Tuesday, October 27, 2009

Raking leaves doesn’t have to be painful

Now that it’s getting colder and leaves are changing colors, raking leaves is just around the corner. Playing in leaves can be fun for kids, but for most adults raking leaves can be a dreaded task.

Raking leaves is labor intensive and if not done right, can be a big pain in the back. There are a few main reasons people get hurt while raking:

• Not properly preparing before raking

• Improper technique

• Trying to do too much at one time

Here is some advice for getting the raking done without suffering for days to come.

Warm up to raking

First, realize that raking IS exercise. Like with any exercise, you should warm up and cool down. Warm up to get the heart rate going and the blood flowing. How can you do this? A quick five-minute walk and stretching of the major areas needed is all you need.

Stretch upper and lower back, legs, arms and shoulders. Start with the hamstrings, calves, quadriceps and hip flexors while standing. Then, move into stretching the upper back and shoulders. Finally, stretch the lower back and stomach area slowly.

If muscles aren’t warmed up and stretched before used, it’s more likely they will strain or pull.

How to rake it right

Raking is repetitive – reach, pull, twist, bend, repeat. Repetitive motions like this can lead to back pain. To avoid ending up on your back for days, try a few things.

First, keep the rake close to the body. Don’t overreach or overextend by trying to get more leaves at once. Choke up on the handle a little, face the direction you want to rake and make short, slow, controlled raking motions. Too much bending at the hips can lead to lower back pain.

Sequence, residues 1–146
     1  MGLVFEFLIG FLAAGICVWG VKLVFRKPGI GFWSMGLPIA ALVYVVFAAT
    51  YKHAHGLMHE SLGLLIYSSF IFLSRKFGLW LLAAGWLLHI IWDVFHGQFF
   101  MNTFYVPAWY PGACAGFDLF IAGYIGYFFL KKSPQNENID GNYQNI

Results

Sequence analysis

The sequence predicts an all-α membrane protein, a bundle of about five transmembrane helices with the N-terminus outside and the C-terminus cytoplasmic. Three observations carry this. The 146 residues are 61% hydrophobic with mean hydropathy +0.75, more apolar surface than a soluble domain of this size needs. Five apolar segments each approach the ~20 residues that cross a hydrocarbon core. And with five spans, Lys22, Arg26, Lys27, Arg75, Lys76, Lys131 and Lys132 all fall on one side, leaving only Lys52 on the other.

Then, don’t let the rake head pass your body. This will help avoid harmful twisting in the lower back.

Next, move your feet. Don’t stand in one spot trying to reach as much as you can. Reaching off to the side or around you creates more harmful twisting that can lead to injury.

Last, switch sides when raking. Rake right-handed for a few minutes and then left-handed. It might seem awkward at first, but it’s much less awkward than having to tell your boss you can’t come to work because of a raking injury.

Rake it slow

Break your raking into small increments. Rake for 30 minutes max and take a 5 to 10 minute break. Stretch a little during your break.

Just like any other exercise, drink lots of water. Save the warm teas and ciders for when the job is done.

When you are standing back admiring your accomplishments, stretch again. This will help avoid tightness and soreness later.

Now get out there and start raking.

Monday, October 19, 2009


The Cullen Chiropractic and Wellness blog will provide relevant information about chiropractic, nutrition, wellness, treated conditions and any other health-related news. For automatic updates, sign up to follow this blog on the right-hand side of the page. Otherwise, check back often to find ways to get healthy and stay healthy.